- Obamacare was intended to reform the health insurance industry and promote better health security for Americans.
- It established a regulatory overlay on the existing system.
- It mandated that Americans obtain health insurance, or pay a penalty.
- It established Insurance Exchanges to make it easier for them to do so.
- At the same time, it improved the insurance product by outlawing the most egregious practices of the health insurance industry.
- And it expanded Medicaid eligibility to millions of low-income Americans in states that accepted the expansion.
It was the same as we have today – health care as a business (instead of a service) with hundreds of different payers and thousands of different insurance policies. In spite of all these payers and policies, we have millions of uninsured people and even more under-insured people. The mandate to buy insurance and the establishment of insurance exchanges to sell private health insurance guaranteed the health insurance industry more customers. It did not guarantee that everyone would be able to access or afford the care they need. US health care never included everybody, and it still doesn’t.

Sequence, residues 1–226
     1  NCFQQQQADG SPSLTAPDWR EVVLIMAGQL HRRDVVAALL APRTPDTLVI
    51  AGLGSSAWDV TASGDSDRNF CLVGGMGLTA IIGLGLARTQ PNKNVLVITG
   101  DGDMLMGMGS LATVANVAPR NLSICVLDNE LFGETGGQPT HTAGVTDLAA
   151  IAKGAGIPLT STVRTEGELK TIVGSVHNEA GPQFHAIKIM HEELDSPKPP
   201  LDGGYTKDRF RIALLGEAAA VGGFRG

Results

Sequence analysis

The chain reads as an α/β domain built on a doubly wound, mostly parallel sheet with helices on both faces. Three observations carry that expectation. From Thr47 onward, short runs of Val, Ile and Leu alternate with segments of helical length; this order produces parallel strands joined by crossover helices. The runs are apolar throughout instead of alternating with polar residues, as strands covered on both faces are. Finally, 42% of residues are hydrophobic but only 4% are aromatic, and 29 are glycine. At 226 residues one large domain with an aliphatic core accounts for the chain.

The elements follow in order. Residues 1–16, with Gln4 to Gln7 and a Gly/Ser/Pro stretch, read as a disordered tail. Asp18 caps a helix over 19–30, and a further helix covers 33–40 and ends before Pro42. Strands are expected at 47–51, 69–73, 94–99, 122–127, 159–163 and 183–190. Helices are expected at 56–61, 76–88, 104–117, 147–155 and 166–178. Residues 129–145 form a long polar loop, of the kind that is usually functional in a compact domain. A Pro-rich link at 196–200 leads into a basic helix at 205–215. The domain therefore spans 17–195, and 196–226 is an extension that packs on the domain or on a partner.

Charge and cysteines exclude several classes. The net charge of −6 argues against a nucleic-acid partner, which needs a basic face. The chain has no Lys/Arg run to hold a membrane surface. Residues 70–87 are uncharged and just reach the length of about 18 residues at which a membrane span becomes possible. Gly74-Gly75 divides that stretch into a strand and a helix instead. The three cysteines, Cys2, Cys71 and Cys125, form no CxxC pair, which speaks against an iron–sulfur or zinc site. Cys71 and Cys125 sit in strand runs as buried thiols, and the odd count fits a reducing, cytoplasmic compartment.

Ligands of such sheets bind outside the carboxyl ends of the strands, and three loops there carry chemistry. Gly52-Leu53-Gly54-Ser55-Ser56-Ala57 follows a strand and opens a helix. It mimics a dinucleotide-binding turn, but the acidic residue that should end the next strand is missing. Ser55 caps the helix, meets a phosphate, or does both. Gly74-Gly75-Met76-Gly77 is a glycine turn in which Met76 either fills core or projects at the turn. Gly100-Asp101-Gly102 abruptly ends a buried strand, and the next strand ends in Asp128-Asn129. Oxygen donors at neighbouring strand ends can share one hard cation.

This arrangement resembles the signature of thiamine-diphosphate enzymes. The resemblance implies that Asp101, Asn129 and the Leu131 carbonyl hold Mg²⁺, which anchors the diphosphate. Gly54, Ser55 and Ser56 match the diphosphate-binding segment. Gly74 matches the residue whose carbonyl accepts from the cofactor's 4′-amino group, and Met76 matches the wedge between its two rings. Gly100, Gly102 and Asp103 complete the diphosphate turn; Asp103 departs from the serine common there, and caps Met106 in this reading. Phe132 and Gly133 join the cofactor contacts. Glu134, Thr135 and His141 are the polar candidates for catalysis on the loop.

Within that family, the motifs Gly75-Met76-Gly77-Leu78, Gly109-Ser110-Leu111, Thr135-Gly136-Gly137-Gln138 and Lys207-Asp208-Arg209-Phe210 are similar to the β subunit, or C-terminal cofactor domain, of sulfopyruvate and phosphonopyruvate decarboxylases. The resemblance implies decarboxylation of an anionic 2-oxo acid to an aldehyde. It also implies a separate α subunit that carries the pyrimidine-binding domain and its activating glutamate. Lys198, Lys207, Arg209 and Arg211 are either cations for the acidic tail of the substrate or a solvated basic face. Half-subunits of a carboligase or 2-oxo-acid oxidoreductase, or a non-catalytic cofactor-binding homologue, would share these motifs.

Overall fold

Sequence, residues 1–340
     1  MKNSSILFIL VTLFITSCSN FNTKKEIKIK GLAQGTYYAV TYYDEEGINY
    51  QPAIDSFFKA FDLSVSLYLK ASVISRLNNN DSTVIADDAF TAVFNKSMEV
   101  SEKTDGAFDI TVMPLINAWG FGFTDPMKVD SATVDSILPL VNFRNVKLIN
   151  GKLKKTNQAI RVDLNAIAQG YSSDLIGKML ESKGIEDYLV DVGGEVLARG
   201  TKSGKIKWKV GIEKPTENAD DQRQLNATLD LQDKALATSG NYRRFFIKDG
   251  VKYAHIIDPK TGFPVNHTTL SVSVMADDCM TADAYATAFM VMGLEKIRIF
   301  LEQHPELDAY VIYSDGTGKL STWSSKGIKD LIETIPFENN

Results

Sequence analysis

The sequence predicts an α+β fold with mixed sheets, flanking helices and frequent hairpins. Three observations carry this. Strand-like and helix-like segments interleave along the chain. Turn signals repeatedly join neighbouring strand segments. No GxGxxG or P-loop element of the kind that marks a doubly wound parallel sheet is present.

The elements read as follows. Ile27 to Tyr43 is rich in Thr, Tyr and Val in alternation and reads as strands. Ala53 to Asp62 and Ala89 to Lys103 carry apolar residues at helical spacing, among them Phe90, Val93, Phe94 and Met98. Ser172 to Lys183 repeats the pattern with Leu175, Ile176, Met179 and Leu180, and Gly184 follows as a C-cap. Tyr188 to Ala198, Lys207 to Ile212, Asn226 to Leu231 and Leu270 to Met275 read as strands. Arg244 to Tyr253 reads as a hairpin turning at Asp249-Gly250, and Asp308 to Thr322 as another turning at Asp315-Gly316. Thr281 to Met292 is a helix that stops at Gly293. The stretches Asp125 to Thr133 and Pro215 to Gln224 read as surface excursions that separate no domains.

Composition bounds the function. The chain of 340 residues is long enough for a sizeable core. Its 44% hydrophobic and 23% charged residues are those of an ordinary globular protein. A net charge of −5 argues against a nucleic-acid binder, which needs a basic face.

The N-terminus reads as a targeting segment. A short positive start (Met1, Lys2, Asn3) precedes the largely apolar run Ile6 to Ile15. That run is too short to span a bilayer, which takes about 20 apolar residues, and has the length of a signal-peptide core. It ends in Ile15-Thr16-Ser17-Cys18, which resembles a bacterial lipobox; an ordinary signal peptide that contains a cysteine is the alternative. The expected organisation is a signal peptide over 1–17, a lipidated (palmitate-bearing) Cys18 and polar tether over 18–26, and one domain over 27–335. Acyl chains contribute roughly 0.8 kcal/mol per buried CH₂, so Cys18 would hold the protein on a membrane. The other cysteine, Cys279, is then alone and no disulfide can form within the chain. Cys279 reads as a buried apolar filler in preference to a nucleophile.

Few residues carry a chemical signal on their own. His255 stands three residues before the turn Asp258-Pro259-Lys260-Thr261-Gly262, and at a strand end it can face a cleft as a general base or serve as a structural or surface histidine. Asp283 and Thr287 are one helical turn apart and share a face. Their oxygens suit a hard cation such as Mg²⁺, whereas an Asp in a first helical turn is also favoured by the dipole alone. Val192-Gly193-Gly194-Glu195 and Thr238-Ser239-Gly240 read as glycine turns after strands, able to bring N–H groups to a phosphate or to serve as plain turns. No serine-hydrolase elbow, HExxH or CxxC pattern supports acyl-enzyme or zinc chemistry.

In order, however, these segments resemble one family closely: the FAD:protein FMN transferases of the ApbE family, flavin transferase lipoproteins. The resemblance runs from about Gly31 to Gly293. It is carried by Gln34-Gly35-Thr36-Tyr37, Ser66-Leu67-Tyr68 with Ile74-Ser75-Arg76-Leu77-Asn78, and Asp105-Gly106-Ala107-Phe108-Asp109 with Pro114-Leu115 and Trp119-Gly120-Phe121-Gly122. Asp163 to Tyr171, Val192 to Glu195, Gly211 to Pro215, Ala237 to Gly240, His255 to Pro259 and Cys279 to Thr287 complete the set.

To be “uninsured” is to not have a health insurance policy. To be “under-insured” is to have a health insurance policy that does not adequately cover your health-related expenses. For example, your additional out-of-pocket costs (deductibles, co-pays, etc.) relative to your income may be so high that even though you have insurance, you can’t afford to seek medical treatment promptly when you need it. According to the 2014 Commonwealth Fund Biennial Health Insurance Survey, more than 31 million Americans are under-insured. This is about the same number of under-insured as in 2010, meaning that Obamacare did not solve the problem of high costs.